Eid Ma Clack Shaw OR the minimalism of letters

New paintings by S.Tudyk beckon you to inhabit giant hand-written letters, magnifying the art of correspondence to a monumental scale.
In her daily life, Tudyk seems as dedicated to letter-writing as one of my all-time heroes, C.S. “Jack” Lewis, who was known to spend daily time carefully responding to all his fan letters. Her letter-writing habits and love of the old-school “Palmer Method of Writing” might make her a counter-cultural phenom: in an email-heavy culture, she prefers snail mail, and the beauty of a well-formed letter. She secluded herself on an artist retreat in creative haven Marfa, TX in late 2014, focusing on the ideas that became this body of work.
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I have only been able to enjoy these paintings online; I live nowhere near Portland, OR, where the work is exhibited. But Sam took the time to answer my questions about her art via the interwebs, talking about her specific processes and some meanings behind her newest collection of artworks from “Eid Ma Clack Shaw” on view at Oranj Studios in Portland, OR.
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S.Tudyk, “Eid Ma Clack Shaw” exhibit postcard

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mosleslie’s note: I commented and asked questions work by work, in the order they’re presented online at Sam’s website. Some of my questions apply to the body of work, but all the questions are inspired by something from the particular painting in focus.
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S.Tudyk “Eid Ma Clack Shaw” exhibit statement

 

S.Tudyk,

S.Tudyk, “I Started Out In Search of Ordinary Things”

I Started Out in Search of  Ordinary Things
acrylic on canvas     48″ x 36″ x 1.5″     2015
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detail from S.Tudyk's

detail from S.Tudyk’s “I Started Out In Search of Ordinary Things”

The bright white seems to be literally reflecting off the inner, dark “letter walls;” I love the glow! Can you talk about your process for planning the painting? What did you do first, etc.?
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Before I started painting, I set up photography, determined my values and prepped the canvases for a smooth finish. Then I plotted out where the lines should fall.
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some notes on where lines should fall

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After I painted in my lines, I set song lyrics into a pattern with a handwritten typeface on my computer.
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“Learning Curve

song lyrics set to a typewritten font on the computer

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How did you get that glow? 
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The glow was set up initially with contrasting values, and at the finish I added a white glaze to boost it.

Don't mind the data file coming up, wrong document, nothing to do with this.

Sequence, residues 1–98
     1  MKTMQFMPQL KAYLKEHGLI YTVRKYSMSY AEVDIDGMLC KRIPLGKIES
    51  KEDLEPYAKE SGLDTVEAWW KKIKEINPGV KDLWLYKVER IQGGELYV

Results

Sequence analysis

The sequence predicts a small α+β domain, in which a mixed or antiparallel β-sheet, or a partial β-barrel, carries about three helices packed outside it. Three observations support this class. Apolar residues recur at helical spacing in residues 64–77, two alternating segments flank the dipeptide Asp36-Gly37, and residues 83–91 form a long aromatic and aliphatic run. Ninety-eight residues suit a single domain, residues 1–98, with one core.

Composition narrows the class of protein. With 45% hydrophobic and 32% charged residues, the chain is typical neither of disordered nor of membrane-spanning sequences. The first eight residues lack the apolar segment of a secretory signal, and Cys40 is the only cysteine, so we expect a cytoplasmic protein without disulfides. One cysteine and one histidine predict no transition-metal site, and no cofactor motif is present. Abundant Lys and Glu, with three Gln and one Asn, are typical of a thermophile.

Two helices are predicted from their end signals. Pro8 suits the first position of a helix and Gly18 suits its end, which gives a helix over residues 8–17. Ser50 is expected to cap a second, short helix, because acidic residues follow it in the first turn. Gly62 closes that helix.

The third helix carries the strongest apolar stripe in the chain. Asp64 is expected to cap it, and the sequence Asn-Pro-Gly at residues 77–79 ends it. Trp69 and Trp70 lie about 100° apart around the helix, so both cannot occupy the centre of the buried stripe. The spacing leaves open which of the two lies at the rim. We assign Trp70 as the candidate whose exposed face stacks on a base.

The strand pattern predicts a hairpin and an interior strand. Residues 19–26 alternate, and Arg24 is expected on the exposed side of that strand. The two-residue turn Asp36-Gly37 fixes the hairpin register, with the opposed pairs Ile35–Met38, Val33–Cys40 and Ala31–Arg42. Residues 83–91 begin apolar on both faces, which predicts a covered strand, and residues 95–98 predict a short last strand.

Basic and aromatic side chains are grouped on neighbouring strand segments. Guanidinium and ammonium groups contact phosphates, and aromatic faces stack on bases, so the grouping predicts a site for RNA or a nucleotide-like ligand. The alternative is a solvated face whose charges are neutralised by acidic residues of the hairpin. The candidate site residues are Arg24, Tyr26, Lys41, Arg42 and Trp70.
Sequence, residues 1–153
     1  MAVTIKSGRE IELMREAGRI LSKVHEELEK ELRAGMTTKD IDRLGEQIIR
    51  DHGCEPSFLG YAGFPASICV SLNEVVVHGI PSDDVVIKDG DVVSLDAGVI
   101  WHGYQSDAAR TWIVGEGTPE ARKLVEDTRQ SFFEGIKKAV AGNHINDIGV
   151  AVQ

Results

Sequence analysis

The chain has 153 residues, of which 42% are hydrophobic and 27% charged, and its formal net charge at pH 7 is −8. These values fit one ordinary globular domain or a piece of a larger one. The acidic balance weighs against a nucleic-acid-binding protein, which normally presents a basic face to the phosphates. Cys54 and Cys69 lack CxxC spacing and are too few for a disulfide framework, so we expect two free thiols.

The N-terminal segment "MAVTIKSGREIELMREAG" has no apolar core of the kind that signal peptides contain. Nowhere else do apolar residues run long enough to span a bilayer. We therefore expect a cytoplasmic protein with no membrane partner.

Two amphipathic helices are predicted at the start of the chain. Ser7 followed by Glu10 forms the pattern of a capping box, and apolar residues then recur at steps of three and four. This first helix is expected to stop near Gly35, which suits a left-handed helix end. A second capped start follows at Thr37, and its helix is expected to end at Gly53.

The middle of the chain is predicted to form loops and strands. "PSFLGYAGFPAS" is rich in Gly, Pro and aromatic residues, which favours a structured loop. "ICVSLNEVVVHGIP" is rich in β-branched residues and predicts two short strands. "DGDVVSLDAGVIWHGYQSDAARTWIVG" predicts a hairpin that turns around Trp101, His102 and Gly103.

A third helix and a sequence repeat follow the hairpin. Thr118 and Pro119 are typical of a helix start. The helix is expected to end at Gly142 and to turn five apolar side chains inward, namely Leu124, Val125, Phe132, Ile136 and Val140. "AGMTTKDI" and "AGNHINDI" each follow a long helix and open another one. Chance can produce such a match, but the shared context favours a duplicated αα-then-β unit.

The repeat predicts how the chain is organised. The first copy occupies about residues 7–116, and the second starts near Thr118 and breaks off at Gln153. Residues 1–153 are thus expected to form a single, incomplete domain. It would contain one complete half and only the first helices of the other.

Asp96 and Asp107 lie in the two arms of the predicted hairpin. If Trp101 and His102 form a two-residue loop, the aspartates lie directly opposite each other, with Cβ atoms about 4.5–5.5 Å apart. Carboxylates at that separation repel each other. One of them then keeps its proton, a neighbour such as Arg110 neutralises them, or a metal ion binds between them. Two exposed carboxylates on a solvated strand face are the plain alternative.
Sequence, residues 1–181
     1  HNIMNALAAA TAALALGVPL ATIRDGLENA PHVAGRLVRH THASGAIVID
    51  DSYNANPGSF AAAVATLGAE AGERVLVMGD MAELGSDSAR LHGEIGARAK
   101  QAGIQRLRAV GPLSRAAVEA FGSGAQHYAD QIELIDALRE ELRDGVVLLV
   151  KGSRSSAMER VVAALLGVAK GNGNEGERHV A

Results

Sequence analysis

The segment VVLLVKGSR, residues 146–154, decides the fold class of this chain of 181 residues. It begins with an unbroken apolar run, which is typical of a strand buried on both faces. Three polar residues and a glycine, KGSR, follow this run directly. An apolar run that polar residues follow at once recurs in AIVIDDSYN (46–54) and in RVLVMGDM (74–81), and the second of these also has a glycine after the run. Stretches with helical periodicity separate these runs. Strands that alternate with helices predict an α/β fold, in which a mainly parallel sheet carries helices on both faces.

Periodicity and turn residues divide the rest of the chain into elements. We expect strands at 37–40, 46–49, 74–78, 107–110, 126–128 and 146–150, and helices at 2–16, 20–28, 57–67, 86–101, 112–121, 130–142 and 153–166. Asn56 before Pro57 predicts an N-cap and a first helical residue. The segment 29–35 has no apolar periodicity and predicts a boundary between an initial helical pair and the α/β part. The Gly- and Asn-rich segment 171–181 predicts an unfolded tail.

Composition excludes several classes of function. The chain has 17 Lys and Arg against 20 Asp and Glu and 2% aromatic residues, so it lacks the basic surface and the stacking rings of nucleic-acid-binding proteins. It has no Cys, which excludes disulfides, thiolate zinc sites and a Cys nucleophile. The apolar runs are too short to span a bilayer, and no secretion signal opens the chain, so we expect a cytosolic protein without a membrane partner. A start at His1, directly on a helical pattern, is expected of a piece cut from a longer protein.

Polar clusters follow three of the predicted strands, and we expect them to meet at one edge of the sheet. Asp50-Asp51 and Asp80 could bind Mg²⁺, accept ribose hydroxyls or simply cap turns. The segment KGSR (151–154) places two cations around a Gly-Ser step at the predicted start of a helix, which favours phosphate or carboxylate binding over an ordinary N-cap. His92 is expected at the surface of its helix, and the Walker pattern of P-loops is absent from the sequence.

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What specific types of acrylic paints and techniques did you use? 
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I painted with a combination of high flow acrylics, absorbent ground and acrylic flow release. It was a process of trial and error.
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Can you tell me more about the song lyrics?
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Most of the song lyrics were taken from a compilation of music made for me during my stay in Marfa. It was the first time I didn’t use my own stream of consciousness for the content. I think of letters as containers for memories. And I knew that the memories of my time spent in Marfa would attach themselves to those songs I listened to repeatedly in the moment. Within the songs, I chose content that related to dreams, memories, and some of the things I was processing in my mind during my retreat.
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I’m very curious about how you made those crisp lines and what made the blurry lines blurry…
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A lot of the trial an error was with laying down the cursive with a soft focus. I tried high flow acrylics in a marker cartridge. This offered a terribly precise line, which wasn’t always what I wanted, but good for an in-focus affect. I also used Open Acylics with a brush. I applied just a few letters of a word at a time, then pushed it with a brush called “Scruffy.” It makes me laugh; I lost it for a few days, and just kept wandering around asking, “Where is Scruffy??” It’s a cheap brush made by Plaid – you use it without water. An overall glaze in the end softened the lines.
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